Au Gratin – It’s all about the topping

It’s funny, for as long as I can remember I have thought that a Gratin was all about the layering of the contents, and it wasn’t until recently that I learnt that it’s actually all about the topping.

Gratin is french and essentially means to grate or gratings, and to cook something Au Gratin means to cook a dish with a browned crust of cheese, butter or cream and bread crumbs on top.  I guess if I had have continued with my french classes this wouldn’t have been such a big surprise!  (Joe, if you are reading this right now, I’m assuming that you are shaking your head in disgust and thinking “… and she calls herself a cook”)

So it’s around about that time when I’m thinking, what to make for dinner?  WHAT to make for dinner?  I’m all about using what’s in season and since I had some cabbage and bacon in the fridge, and some spuds that were looking like they had seen better days, a gratin was the perfect way to use all this up.

Most modern gratins involve making a Béchamel sauce, but don’t sweat it, if you can’t be bothered doing that, you can go the classic french way and just add some warm cream and milk, and this will thicken up as the gratin cooks.

Gratins can be made up of almost anything, fish, chicken, vegetables, the list goes on, have a hunt around on the web there are some great recipes out there.

To layer or not to layer?  Well it doesn’t really matter – it doesn’t make any difference to the cooking of the dish, remember, the gratin is all about the topping.  Ask yourself how you want it to look, as with everything, we eat with our eyes, what are you serving it with and how will it be plated?  It can be as simple as thinking about what effect that you want and how much time you have.  Go crazy, just chuck it all in and go for the rustic look, or if you have time and you want it to look elegant (you can even slice it, or cut it out in molds) layer it beautifully.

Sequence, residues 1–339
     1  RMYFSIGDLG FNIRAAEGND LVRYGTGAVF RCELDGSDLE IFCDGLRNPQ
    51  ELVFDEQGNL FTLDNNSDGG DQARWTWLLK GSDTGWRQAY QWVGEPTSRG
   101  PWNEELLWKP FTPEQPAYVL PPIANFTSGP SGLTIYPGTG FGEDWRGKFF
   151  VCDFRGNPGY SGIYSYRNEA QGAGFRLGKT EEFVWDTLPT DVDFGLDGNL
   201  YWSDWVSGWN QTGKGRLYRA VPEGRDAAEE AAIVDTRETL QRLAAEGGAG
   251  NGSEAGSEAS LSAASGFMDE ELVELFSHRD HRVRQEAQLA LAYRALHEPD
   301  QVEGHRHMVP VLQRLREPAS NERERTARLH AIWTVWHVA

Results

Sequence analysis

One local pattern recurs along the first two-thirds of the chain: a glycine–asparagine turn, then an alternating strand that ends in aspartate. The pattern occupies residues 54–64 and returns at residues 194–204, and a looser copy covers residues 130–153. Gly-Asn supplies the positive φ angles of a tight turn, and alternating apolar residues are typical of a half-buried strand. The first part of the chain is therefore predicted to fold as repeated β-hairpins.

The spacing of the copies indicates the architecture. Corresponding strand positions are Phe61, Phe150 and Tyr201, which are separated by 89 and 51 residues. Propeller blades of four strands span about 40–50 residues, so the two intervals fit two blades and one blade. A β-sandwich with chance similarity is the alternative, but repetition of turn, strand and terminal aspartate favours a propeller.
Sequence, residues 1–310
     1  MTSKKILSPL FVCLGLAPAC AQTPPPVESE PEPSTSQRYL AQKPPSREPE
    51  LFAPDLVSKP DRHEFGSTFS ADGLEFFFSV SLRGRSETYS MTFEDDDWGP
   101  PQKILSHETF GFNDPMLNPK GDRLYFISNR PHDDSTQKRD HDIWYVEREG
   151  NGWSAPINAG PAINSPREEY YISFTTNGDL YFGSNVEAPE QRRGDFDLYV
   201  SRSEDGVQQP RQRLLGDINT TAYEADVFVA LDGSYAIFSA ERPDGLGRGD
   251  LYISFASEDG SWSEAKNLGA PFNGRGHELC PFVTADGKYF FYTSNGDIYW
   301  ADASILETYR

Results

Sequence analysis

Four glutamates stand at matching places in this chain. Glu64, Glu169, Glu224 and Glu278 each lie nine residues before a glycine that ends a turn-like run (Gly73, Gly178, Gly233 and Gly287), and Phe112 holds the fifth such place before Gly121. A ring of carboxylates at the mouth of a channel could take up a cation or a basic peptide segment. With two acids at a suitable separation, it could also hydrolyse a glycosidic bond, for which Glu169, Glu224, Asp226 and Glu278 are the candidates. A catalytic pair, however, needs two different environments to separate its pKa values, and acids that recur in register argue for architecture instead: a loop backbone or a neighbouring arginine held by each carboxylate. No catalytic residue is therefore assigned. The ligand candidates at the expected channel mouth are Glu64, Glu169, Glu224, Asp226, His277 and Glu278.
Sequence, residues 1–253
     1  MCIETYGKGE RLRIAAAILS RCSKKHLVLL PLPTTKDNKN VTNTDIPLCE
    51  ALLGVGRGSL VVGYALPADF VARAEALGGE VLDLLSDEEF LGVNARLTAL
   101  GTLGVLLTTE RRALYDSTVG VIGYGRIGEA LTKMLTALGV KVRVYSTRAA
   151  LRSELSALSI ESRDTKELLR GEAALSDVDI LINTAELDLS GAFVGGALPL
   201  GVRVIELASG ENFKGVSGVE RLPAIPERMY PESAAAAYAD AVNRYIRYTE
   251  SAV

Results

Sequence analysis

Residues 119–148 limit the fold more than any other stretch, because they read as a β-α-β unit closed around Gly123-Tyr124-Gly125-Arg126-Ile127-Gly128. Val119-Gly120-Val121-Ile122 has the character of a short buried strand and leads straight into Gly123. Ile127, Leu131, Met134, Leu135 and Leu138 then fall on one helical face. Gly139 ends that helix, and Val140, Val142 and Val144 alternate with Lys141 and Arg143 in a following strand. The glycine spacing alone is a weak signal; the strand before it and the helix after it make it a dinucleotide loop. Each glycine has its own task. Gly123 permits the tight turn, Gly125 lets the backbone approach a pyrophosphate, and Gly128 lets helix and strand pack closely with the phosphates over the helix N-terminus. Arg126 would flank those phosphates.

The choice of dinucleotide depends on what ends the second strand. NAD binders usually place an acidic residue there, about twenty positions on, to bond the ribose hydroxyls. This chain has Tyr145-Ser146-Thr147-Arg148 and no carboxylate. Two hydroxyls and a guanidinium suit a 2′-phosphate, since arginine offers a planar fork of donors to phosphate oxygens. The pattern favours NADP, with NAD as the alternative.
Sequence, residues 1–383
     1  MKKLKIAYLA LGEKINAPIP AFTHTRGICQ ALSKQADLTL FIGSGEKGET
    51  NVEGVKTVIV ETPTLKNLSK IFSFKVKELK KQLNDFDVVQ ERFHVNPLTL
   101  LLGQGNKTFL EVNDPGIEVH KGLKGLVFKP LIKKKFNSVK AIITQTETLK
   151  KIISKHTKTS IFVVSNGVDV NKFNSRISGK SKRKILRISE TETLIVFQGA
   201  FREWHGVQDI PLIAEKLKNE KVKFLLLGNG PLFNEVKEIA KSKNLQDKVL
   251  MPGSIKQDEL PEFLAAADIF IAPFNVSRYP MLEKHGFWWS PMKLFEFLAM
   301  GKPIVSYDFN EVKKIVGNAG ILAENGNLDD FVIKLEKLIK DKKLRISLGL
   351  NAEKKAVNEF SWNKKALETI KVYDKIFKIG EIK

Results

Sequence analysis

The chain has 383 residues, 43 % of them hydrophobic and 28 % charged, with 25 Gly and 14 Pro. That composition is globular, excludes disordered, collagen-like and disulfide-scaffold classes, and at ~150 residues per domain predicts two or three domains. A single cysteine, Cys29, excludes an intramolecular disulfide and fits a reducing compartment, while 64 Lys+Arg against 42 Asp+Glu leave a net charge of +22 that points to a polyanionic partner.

Gratin is great on its own, depending on what you put in it or as a side-dish.  So there you have it, here is what I did.  I sliced my potatoes with a mandolin, but you can do yours however you like, with a knife in slices or chunks it’s up to you.

Here was my effort



3 Comments Add yours

  1. Joe Worsley says:

    Actually I was thinking “Lee, you really ought to check your translation”. Gratiner has nothing to do with grating. It means to brown, so au gratin means simply “with a browned topping”.

    1. Yes Joe, as always, happy to be corrected by you 😛 This is what I have found, so I guess I was using the wrong definition 🙂

      In essence, that’s kinda what I was getting at.

      gra·tin (grätn, grtn, gr-t)
      A top crust consisting of browned crumbs and butter, often with grated cheese.
      [French, from obsolete grater, to scratch, scrape, from Old French; see grate1.]

      1. Joe Worsley says:

        I hate to admit it, but I was slightly wrong 🙂 The ultimate derivation is, indeed, from old french grater “to scratch”. But (thankfully for me, unfortunately for culinary terms) au gratin does not mean grated. The etymology is:

        16th century word gratin means “scrapings (burnt stuff in the pan you remove by scratching)”. 19th century verb gratiner “to grill” (I guess from the idea of burning stuff in a pan lol) as well as au gratin as a culinary term for a browned topping.

        So what you’re really cooking is a dish “with scrapings”. Yum!

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